gold standard returning
© Reuters/Leonhard Foeger
Gold bars and a Swiss Franc coin are seen in this illustration picture taken at the Austrian Gold and Silver Separating Plant 'Oegussa' in Vienna November 7, 2014
Gold prices have soared on the recent wave of global volatility with stock market crash in China and the Swiss national currency turmoil, exceeding $1,300-1,320/oz.

One of the top-valued metal commodities and a universal monetary equivalent, gold, is heading to exceed the psychological threshold of $1,300/oz., as investors in Asia-Pacific and Europe are gravely concerned with the sudden fluctuations in the Swiss national currency's FX rate and today's crash in mainland China's stock markets.

To further exacerbate the situation, the franc is one of the five global reserve currencies, and its nearly 20% appreciation starting 15 January has painfully hit a wide variety of asset classes worldwide, putting some of them on the edge of becoming 'toxic assets'. China, at least up until recently, used to be a locomotive of global manufacturing, generating an immense demand for natural resources. Now, the financial turmoil in Shanghai and Shenzhen only adds to the bitter situation in various global commodities markets, mainly oil.

The alarming situation on global markets has prompted investors to search for safe havens for their money, and while the uncertainty in the global markets, except for the US, prevented investors from excessively buying stock in Europe or Japan, gold has become one of the most yearned-after assets.

According to Bloomberg data, gold rose 0.27% against the dollar and 0.48% against the euro, to 1,276 USD/oz. and 1,101 EUR/oz. Earlier today gold reached $1,283/oz., its highest since early September last year. Gold rose 4.7% during the week ending on 16 January

brokerage house
© Reuters/Aly Song
Investors look at computer screens showing stock information at a brokerage house in Shanghai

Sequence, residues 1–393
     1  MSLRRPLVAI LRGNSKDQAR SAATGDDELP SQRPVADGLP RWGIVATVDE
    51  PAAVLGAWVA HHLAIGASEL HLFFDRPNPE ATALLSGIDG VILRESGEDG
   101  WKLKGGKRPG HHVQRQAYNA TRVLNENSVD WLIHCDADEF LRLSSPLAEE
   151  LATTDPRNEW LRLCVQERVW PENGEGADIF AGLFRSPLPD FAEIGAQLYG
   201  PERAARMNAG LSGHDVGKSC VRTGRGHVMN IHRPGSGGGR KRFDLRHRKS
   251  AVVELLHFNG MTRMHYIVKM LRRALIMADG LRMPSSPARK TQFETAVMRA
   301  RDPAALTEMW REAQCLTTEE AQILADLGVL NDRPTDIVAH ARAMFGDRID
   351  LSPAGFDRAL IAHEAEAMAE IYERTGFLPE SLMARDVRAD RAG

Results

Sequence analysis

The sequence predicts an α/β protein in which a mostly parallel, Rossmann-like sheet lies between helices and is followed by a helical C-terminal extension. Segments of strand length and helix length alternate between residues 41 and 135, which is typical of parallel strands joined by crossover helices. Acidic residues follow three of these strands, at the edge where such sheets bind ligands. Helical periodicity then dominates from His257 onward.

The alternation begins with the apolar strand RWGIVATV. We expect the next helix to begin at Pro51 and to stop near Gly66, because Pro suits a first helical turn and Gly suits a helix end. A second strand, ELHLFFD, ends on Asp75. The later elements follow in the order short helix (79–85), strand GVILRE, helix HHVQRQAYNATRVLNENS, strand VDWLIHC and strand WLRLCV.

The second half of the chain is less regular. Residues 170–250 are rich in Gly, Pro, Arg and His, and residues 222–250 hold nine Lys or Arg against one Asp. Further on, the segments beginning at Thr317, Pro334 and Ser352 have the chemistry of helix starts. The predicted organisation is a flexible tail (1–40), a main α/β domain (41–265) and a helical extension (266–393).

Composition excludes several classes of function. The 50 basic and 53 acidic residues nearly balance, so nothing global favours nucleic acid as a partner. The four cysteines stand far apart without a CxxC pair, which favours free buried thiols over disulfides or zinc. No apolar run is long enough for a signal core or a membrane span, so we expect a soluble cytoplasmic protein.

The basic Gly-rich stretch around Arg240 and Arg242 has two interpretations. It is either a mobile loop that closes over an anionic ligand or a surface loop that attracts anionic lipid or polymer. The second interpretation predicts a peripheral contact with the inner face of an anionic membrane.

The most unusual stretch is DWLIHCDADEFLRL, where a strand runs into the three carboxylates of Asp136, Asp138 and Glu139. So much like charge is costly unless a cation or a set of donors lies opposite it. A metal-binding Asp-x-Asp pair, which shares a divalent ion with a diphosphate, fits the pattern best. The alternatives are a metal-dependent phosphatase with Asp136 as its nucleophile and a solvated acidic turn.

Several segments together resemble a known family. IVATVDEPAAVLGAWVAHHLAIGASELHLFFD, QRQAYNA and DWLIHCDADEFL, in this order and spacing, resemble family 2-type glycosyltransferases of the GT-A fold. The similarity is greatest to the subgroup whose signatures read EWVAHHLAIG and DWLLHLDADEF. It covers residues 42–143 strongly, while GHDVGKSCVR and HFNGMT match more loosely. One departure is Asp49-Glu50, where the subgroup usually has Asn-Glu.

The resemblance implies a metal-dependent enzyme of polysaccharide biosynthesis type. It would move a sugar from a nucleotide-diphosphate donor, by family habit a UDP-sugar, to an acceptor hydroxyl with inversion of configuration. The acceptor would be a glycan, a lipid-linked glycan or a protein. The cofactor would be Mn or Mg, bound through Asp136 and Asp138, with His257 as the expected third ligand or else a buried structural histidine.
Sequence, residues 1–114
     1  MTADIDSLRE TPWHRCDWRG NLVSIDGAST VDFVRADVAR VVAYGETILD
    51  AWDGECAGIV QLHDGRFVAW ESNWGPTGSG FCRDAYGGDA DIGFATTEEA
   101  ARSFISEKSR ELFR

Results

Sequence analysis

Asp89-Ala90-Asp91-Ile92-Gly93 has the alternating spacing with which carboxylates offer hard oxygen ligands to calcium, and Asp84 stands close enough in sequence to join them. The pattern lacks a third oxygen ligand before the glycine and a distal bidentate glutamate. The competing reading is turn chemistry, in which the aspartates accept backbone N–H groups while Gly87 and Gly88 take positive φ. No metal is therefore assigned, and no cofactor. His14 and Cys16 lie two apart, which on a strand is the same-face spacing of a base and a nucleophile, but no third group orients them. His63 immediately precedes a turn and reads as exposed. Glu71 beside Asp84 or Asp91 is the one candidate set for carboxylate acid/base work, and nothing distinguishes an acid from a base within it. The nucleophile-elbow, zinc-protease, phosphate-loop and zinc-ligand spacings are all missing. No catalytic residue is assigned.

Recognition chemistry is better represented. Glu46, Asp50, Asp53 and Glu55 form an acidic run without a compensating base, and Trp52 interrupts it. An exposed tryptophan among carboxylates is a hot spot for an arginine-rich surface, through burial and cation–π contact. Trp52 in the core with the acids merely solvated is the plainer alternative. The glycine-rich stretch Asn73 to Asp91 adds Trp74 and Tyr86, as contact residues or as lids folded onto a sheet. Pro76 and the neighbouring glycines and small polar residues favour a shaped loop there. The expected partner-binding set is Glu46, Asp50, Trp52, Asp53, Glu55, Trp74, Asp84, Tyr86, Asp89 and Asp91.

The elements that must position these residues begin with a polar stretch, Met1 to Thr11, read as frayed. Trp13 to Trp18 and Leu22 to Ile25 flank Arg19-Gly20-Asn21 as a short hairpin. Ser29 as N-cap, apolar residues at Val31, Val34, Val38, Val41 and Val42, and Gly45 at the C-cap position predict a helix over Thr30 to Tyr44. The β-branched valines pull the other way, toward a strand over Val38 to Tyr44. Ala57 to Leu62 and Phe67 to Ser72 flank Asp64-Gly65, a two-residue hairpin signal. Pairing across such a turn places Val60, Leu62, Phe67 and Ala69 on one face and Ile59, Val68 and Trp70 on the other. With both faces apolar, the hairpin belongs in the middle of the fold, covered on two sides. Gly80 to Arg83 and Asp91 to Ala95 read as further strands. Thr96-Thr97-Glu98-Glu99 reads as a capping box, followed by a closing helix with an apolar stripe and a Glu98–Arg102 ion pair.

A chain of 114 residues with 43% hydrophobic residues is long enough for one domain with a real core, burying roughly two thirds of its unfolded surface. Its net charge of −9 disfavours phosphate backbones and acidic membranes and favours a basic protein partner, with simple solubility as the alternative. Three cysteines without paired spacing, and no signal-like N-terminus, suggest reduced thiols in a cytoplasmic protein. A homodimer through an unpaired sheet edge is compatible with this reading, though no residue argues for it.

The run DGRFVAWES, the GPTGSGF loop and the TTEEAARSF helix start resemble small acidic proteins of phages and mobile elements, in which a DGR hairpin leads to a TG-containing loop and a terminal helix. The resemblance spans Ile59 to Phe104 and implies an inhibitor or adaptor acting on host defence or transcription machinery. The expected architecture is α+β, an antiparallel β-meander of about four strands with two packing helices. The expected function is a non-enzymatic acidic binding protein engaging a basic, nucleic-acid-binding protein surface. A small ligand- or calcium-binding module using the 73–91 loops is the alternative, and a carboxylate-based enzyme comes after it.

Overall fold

The Swiss National Bank (SNB) cancelled the Franc's peg to the euro ahead of the January 22 policy meeting at the European Central Bank (ECB). The ECB is widely anticipated to announce stimulus measures, triggering a slump in the euro FX rate, therefore the Swiss opted to let their currency appreciate rather than go down with the euro.

"While gold tends to weaken with the euro, which is expected to fall further against the dollar as the ECB looks set to announce quantitative easing this week, gold also benefits from haven demand because of the uncertainties," Huang Wei of Huatai Great Wall Futures Co, said as quoted by Bloomberg. "We expect gold to be supported ahead of the elections in Greece and seasonal Lunar New Year demand."

Gold is widely anticipated to appreciate further, going up beyond $1,300/oz.

"My personal target is $1,300 plus, but if we touch the resistance point of $1,320, we should see the gold market go beyond. It would be a trend breaker," Pradeep Unni of Richcomm Global Services in Dubai told the National.

Gold's role as hedge instrument has been increasing since the global recession of 2008, but at this point, amid the speculations about a possible re-monetization of gold, the yellow metal is universally perceived as a safe haven against financial shocks and short-term turmoil.

Gold physically-backed ETF (Exchange Traded Funds) inflows... if sustained will likely support higher gold prices in the medium-term," Victor Thianpiriya, ANZ analyst, told Reuters.

gold repatriation
© Ny Federal Reserve/Zero Hedge
European countries have been repatriating their gold reserves from the US at an increasing rate.
Most central banks around the world are expected to increase their gold reserves this year, contributing to a growth in prices. Russia's gold reserves are exploding, beating their level of August 2013 and reaching $46 bln. Eurosystem has also accumulated some gold last year.

However, as the gold is now nothing more than a relatively safe way to preserve investment assets in times of market volatility, gold prices are likely to go down as soon as monetary policies in the Eurozone and Japan become clearer, and China overcomes its structural misconceptions. In a safer-than-now global investment environment few market participants would need such an illiquid and inflexible asset as the aforementioned yellow metal commodity.